Assorted thoughts and reflections on technology in education, and other things ...
Wednesday, September 14, 2016
MOOCs making an impact in developing countries
MOOCs have been criticised by many on the grounds that they have so far only attracted those who already have a university education and live in developed countries. Several studies have pointed in this direction and this has been used as evidence that MOOCs have largely missed their objective of making higher education more accessible to those who are for some reason unable to access traditional forms. However very few have so far actually studied MOOC participation and attitudes in developing countries to see whether they have made an impact or not.
A new study from the University of Washington, The Advancing MOOCs for Development Initiative: An examination of MOOC usage for professional workforce development outcomes in Colombia, the Philippines, & South Africa, has done just that. They have studied 1400 MOOC learners from Colombia, the Philippines and South Africa and looked at completion rates, attitudes and satisfaction as well as asking employers about their views on MOOCs as valid credentials on the labour market. What they found was in stark contrast to the commonly held view that MOOCs have missed their mark.
Many of the key findings of this study are surprising. They challenge commonly held beliefs about MOOC usage, defying typical characterizations of how people in resource-constrained environments use technology for learning and employment purposes. In fact, some of the findings are so contrary to what has been reported in the United States and other developed environments that they raise questions necessitating further scrutiny.
Around 80% of the learners studied had low or medium income and the vast majority had low or intermediate digital skills levels. Furthermore almost half of the respondents received a certificate for their MOOC participation, far above normal levels, and many saw MOOC participation as a step on the way to recognised professional qualifications. The employers in the survey were generally positive to MOOCs and awareness was fairly high. They were not seen as equivalent to traditional education but at the same time were not simply dismissed. This all suggests that MOOCs are indeed making an impact where they are most needed and in the conclusion of the article the authors recommend further studies in this area.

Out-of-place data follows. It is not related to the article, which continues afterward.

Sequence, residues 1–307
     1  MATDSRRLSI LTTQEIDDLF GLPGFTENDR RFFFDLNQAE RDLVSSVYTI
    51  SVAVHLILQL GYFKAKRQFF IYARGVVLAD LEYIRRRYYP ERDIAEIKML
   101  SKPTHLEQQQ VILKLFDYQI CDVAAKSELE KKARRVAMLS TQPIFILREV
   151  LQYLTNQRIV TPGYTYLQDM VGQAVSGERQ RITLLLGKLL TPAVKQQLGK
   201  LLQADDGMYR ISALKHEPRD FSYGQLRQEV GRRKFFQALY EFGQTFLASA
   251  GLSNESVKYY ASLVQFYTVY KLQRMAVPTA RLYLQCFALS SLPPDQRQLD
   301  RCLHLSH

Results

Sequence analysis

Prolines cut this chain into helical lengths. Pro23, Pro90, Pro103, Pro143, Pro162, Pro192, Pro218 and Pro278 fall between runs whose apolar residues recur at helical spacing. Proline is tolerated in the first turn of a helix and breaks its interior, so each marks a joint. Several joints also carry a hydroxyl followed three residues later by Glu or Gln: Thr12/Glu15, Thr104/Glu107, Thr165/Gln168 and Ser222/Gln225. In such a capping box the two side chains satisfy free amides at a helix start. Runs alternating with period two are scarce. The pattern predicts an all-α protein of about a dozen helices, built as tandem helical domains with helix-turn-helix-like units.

In closing, the authors believe this study has made a significant contribution to understanding MOOC usage in less-developed country contexts that both provides stakeholders in workforce development and education with insights and offers a foundation on which future research can be built. The potential for increasing MOOC uptake and improving employment opportunities, especially for more marginalized populations, is clearly there. This is promising, and urges action since the data shows that MOOC users are savvy in using the knowledge they’ve gained from MOOCs to advance their professional aspirations.
I hope we see further work in this area because there is enormous potential for open education and we need to challenge the negative image of MOOCs only attracting middle class graduates from developed countries. If there are signs that they are offering opportunities to people without access to traditional higher education they need to be encouraged and brought to light. It is particularly interesting that most of the learners in the survey did not see technical issues and lack of infrastructure as major barriers to learning from MOOCs. Those who want to learn find a way round such issues in general.
However I also believe that open courses (not all open courses are MOOCs and not all MOOCs are open) can benefit far more people in both developed and developing countries if we can also offer them the right scaffolding. Organisations such as libraries, learning centres, vocational training colleges etc can offer face-to-face and/or online support groups for open learners, providing academic support, technical support, Englsih language support or the opportunity to discuss the course in their own language. The massive open arena of a MOOC can be very intimidating to those new to online learning and so maybe we can provide them with safe havens, small restrictive groups, for less confident learners to discuss problems with peers and in a familiar environment.
Garrido, M., Koepke, L., Andersen, S., Mena, A., Macapagal, M., & Dalvit, L. (2016). An examination of MOOC usage for professional workforce development outcomes in Colombia, the Philippines, & South Africa. Seattle: Technology & Social Change Group, University of Washington Information School.
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